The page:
A new DVD collection displays the sass of early-'30s cinema
By Richard von Busack
A NEW THREE-DISC set of early-'30s Paramount films titled Pre-Code Hollywood Collection and released as part of the Backlot Universal Series provides some absolute mulch along with the rarities from the days before the rigid enforcement of the puritanical Production Code. It's quaint mulch, but mulch nonetheless: tedious wisecracking about Prohibition, stultifying fox trotters shaking a shank, inevitably to a gloomy rendition of "One Hour With You." The sound remake of The Cheat (1931), based on a winner of a Bad Somerset Maugham Writing Competition, gives you a chance to guess what made the world a temporary slave of Tallulah Bankhead. In the middle of Torch Singer (1933), a 71-minute inanity, I suddenly had a vision of that splintery mill-town movie theater in The Purple Rose of Cairo—imagine it full of Depression wraiths watching this drama about the desperate gaiety of Claudette Colbert: party girl by night, kid's radio host by day. Merrily We Go to Hell (1932) is worse, though. Fredric March anticipates his turn as the original Norman Maine in What Price Hollywood? playing a ruinous alcoholic playwright married to Sylvia Sidney. It's one of those films in which you keep thinking an unworthy thought about the lead actress: "What a genuine doormat!" And finally, her father walks in and tells her not to be such a doormat. Having the noted female director Dorothy Arzner behind the camera means all the less in the face of such a ringing endorsement of the doormat lifestyle.Hot Saturday (1932) is, by contrast, piquant and likable. Revived at the Stanford Theatre's Cary Grant retrospective, it looks even better on a second go-round. The inhabitants of a gossipy small town get a lot to talk about when a young woman (Nancy Carroll) finds the party's over, the goose is cooked and her reputation is shot just because she spent time alone with Grant's Gatsbian roué—this, just days after he has paid off his last mistress. Despite the satin lingerie and the innuendo, the idea here is that changing mores are more important than the clothes-changing scenes typical in pre-Code movies. The film has a genuinely bracing and unexpected finish. Search for Beauty (1934) is rich, funny froth that puts you firmly on the side of a pair of snappy con-artists (Robert Armstrong and the really great Gertrude Michael), as they and mopey partner James Gleason try to hustle the 1932 Olympics and manipulate square Buster Crabbe and ever squarer (and very young) Ida Lupino. A movie that ends with a shot of a man's ass with "The End" written on it certainly has a satisfying sense of its own limits. Within these limits, this forgotten proto-screwball is a gem, and it is capped with a proto–Nuremberg Rally/Busby Berkeley–style sequence of athletes in see-through bathing suits marching in formation. Murder at the Vanities (1934) is a better-known treat. The suave director Mitchell Leisen here promos Earl Carroll's famous nightclub. Assistant manager Jack Oakie is on duty, having a raffish feud with a cop he forgot to put on the guest list. Said cop, Victor McLaglen, has to solve a backstage killing: "Maybe I'll investigate this murder to music!" He peeps the nudie tableau-vivant stage acts; meanwhile Carl Brisson belabors "Cocktails for Two" so frequently that only Spike Jones' immemorial version can save you the next day. And what do you know, Sir Duke Ellington himself performing something called "The Rape of the Rhapsody"; meanwhile Charles "Ming the Merciless" Middleton plays Liszt, tearing his hair out in frustration, before executing the entire Ellington orchestra with a tommy gun. Top that, Baz Luhrmann. This set comes with a documentary about the Production Code and a reprint of the infamous document.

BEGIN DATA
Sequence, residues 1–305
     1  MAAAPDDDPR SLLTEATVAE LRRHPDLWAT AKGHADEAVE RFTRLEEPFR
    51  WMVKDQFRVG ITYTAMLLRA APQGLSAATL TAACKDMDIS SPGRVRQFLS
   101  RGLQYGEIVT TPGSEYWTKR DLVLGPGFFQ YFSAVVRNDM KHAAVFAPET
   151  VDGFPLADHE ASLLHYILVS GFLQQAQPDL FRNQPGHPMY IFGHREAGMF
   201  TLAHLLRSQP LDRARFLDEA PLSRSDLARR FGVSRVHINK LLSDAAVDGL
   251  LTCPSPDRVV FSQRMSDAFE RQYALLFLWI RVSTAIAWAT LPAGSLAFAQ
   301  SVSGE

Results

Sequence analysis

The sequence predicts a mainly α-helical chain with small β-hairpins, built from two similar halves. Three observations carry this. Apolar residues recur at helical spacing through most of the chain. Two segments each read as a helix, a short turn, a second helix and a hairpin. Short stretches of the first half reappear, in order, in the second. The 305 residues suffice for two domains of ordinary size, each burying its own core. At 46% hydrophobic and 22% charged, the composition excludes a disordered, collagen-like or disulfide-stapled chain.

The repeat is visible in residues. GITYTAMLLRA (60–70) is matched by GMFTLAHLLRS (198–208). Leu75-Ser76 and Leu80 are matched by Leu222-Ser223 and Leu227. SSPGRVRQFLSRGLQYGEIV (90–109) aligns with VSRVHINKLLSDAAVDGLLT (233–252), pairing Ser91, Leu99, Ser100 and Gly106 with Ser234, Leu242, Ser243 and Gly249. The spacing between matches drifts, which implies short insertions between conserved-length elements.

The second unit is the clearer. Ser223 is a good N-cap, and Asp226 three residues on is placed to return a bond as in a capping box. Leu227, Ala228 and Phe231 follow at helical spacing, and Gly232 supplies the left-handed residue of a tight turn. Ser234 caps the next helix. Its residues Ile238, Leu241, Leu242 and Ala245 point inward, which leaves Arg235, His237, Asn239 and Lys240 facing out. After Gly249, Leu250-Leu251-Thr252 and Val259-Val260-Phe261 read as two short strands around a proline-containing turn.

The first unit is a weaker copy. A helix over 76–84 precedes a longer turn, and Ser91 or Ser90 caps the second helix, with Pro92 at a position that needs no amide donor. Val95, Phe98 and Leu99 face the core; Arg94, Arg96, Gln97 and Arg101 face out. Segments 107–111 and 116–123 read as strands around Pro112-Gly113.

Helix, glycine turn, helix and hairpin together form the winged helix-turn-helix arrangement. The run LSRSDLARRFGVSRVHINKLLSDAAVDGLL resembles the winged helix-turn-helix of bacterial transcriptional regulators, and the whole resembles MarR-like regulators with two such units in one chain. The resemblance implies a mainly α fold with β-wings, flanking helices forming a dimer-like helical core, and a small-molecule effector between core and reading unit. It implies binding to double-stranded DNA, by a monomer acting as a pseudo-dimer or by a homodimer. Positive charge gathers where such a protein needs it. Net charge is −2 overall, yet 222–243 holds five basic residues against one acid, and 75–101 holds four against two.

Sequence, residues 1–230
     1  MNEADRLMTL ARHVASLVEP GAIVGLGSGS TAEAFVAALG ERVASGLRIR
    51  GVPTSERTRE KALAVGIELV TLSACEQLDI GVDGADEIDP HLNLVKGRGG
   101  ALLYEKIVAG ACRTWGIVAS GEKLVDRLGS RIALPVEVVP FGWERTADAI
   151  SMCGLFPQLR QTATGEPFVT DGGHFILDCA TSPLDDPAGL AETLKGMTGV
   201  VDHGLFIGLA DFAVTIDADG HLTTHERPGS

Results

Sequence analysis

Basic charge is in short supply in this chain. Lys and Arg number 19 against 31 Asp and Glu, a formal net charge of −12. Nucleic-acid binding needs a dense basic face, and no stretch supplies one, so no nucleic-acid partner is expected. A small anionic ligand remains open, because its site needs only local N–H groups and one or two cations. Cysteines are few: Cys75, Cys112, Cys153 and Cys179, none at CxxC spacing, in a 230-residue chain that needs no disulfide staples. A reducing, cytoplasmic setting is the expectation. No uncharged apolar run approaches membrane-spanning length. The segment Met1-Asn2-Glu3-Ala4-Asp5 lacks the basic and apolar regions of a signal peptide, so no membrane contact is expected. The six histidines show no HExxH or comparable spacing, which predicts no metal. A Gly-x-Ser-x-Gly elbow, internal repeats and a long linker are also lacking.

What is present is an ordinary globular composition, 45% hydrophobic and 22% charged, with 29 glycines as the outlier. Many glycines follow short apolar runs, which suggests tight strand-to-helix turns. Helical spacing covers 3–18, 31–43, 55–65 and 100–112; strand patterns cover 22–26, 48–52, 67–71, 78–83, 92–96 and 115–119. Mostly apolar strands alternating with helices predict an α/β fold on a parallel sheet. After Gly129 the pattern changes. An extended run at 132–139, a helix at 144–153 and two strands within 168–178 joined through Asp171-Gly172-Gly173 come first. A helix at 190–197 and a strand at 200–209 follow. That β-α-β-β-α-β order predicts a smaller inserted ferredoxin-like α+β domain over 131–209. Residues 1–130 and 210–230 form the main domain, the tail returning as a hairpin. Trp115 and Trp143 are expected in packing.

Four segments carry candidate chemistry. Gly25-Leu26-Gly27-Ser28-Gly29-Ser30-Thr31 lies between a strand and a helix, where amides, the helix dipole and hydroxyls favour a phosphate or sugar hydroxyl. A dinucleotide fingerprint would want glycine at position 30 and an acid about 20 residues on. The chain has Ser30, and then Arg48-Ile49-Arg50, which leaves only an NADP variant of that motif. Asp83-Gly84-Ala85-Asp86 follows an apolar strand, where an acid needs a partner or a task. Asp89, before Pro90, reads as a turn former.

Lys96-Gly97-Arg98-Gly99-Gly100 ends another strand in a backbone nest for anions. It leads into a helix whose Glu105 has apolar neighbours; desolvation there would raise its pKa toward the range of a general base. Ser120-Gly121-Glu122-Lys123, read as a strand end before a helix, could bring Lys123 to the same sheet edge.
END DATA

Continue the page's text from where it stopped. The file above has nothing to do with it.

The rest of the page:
PR-CODE HOLLYWOOD COLLECTION; three discs; Universal Studios; $49.98
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